Sorry in advance for the length of this but this is my big picture view of what you have asked about.
There are different approaches to protecting profits, reducing your losses, or profiting in a bear market.
Buy & hold types recommend diversification (sector, asset class, geographic, etc.). Equity diversification spreads losses across various sectors, hoping that some don't lose as much as others. With equity and geographic diversification, you will lose in a deep recession. You'll take the beating as you ride it out.
For the period of 1/01/08 to the end of the GFC on 3/09/09, the SPY lost 52%. The best performing SPDR sector was Consumer Staples, down 'only' 31%. Those losing more than 50% included Consumer Discretionary, Energy, Industrials, Materials, O&G Exploration, and Technology, with the winning entry being Financials, down 77%. Note that a drop of 50% requires a 100% recovery to break even (ignoring dividends).
Some recommend gold. Sometimes it correlates, sometimes not. It's iffy. For the past three recessions:
In 1990, it lost about 10% of its value.
In 2000, it did nothing.
In 2008 it dropped 30% before recovering and ending up 4% for the year.
Some recommend stop loss orders. That's fine in an orderly correction but in a volatile down market or a crash, you'll have no clue where your fill will be if price gaps through your stop loss price.
You could write covered calls but that only provides limited downside protection unless they are deep ITM. For ATM and OTM CCs, if your stock craters, you won't be able to continue doing so without locking in a loss. Writing deep ITM covered calls provides more protection but why would you? You would have little to no upside profit potential and they would be Unqualified which means that you would not be able to claim long-term gains if assigned and the underlying is called away. Caveat? Don't monkey with covered calls if you don't want to sell the stock.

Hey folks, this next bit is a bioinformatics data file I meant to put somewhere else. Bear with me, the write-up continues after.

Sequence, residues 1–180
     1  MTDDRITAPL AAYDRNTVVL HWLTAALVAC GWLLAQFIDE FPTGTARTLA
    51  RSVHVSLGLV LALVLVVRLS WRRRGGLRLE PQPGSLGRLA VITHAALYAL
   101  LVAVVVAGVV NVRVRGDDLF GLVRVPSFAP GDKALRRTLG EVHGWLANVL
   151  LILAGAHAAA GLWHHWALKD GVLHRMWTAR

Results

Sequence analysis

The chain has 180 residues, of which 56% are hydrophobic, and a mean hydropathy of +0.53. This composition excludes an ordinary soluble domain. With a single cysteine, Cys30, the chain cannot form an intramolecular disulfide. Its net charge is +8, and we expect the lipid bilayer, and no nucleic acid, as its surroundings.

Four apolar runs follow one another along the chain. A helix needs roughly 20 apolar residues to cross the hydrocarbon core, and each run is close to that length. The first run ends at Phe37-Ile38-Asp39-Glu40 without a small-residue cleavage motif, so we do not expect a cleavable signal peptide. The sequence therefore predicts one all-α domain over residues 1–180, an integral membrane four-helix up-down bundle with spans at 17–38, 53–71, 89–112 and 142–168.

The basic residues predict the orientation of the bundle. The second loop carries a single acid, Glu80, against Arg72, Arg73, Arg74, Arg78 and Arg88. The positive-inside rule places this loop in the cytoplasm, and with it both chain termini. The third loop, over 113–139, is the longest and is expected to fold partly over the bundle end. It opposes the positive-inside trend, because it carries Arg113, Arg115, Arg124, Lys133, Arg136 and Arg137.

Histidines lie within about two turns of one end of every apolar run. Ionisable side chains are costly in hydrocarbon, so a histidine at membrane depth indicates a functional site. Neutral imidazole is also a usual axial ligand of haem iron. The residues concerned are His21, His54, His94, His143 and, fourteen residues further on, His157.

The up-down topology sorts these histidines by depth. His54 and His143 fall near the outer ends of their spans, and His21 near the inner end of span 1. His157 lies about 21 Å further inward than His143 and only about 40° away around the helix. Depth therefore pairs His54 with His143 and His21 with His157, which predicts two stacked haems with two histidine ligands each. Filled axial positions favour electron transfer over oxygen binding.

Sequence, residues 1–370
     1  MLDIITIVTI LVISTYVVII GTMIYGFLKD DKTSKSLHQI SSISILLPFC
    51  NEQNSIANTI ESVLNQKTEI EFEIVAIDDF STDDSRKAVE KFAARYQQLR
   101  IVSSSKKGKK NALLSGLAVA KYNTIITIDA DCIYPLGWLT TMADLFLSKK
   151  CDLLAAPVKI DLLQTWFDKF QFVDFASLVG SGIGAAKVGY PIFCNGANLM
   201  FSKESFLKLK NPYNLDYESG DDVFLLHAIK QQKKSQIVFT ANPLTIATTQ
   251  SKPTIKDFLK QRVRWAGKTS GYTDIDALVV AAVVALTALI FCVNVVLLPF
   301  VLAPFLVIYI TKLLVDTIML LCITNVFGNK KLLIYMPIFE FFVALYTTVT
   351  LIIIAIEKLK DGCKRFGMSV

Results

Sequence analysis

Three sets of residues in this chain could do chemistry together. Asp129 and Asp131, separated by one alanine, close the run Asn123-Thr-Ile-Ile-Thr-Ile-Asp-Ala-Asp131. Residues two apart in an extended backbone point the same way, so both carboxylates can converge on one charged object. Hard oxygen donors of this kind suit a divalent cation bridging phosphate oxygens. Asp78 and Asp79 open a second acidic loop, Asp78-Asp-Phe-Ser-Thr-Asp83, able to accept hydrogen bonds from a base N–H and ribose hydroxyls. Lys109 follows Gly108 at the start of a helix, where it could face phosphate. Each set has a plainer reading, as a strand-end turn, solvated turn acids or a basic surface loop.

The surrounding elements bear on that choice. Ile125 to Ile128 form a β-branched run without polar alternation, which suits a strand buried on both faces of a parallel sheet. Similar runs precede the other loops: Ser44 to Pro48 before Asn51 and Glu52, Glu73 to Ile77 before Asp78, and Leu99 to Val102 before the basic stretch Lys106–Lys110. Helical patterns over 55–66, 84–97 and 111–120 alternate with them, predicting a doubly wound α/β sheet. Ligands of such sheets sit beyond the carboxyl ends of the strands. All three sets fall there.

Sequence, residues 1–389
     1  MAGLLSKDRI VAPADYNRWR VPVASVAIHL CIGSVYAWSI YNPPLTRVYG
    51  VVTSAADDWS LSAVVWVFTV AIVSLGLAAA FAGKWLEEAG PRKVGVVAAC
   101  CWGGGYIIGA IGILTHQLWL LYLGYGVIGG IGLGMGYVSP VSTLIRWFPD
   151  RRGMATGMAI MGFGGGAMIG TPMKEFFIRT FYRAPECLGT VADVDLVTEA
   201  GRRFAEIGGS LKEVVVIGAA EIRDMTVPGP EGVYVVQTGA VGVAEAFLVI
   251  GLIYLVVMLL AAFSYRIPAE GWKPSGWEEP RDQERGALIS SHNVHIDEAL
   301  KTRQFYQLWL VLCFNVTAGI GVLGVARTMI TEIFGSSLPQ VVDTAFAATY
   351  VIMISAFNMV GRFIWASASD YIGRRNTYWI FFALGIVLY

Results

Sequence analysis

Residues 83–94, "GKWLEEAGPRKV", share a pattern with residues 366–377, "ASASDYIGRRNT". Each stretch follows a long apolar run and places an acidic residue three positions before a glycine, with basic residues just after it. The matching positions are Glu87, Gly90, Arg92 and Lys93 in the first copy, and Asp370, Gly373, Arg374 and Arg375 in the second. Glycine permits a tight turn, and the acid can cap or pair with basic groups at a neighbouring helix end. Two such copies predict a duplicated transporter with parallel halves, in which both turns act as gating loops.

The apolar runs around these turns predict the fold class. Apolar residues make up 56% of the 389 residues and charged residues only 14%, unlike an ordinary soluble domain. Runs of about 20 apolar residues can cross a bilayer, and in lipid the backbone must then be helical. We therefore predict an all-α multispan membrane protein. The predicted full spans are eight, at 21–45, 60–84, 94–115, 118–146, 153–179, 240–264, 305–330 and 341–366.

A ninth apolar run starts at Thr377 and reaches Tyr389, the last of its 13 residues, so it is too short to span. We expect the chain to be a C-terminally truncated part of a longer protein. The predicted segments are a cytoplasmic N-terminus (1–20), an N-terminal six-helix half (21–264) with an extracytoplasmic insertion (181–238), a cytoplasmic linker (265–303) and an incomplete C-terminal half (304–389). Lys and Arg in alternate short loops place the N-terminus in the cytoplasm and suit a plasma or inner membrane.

You could buy protective puts but that has several issues. At the current level of implied volatility, ATM portfolio protection with SPY puts costs about 8 pct a year. Puts on individual stocks usually cost more. That's a lot of portfolio drag to overcome if the stock or stock market stagnates or only moves up modestly. You can reduce put protection cost if you use OTM puts but that adds a 'deductible' to the equation (loss from current price down to the put's strike price). If you buy protective puts and the market moves up, additional gains will not be protected.
If you are willing to make the trade off of giving away much of the upside potential gain, you can reduce/eliminate the cost of protective puts by collaring your long stock. For every 100 shares that you own, sell an out-of-the-money (OTM) call and use the proceeds to buy an OTM put. This defines a floor beneath which you cannot lose as well as a ceiling beyond which you will not profit. You can do it on individual stocks or globally with liquid SPY options.
Collars can be structured for no cost. If you want to skew the risk graph so that you have more upside potential than downside risk, the call will be further OTM (or the put closer to the money) and the collar will have a net cost. Skewing the collar in the opposite manner (the put is more OTM than the call is OTM) will result in a net credit but potential loss will be greater than the potential profit.
Pending dividends affect option premium, inflating put premium and deflating call premium. The larger the dividend, the more expensive a collar becomes.
If you do 1-3 month long stock collars and the stock appreciates toward the short call strike, With some cooperation from the underlying, you may be able to roll the collar up and/or out, protecting some of your additional capital gain. Wash, rinse, repeat. Caveat? Don't monkey with collars if you don't want to sell the stock.
To offset losses or profit during a recession, you need to own negative correlation positions:
1) But puts
2) Buy inverse ETFs
3) Short stocks, ETFs, futures
4) Run a long/short portfolio
The average Joe can take advantage of a bear market (not crash) and profit from it. Note that a crash and a bear market are different beasts. 1929 and 1987 were crashes. Unless you had some form of negative correlation protection in place prior to them, you paid the piper. Bear markets like 2000 and 2008 took 18 months to unfold and they offered lots of time to react and adjust if you weren't oblivious or afraid of being wrong.
Transitioning to cash or quality debt is something that any investor can achieve. Managing the downside requires more experience and effort. As the market drops, transition to more cash or fixed income and eventually add a small portion of negatively correlated positions. Let your portfolio’s declining value dictate the transition from long to short (and vice versa). React, don't predict.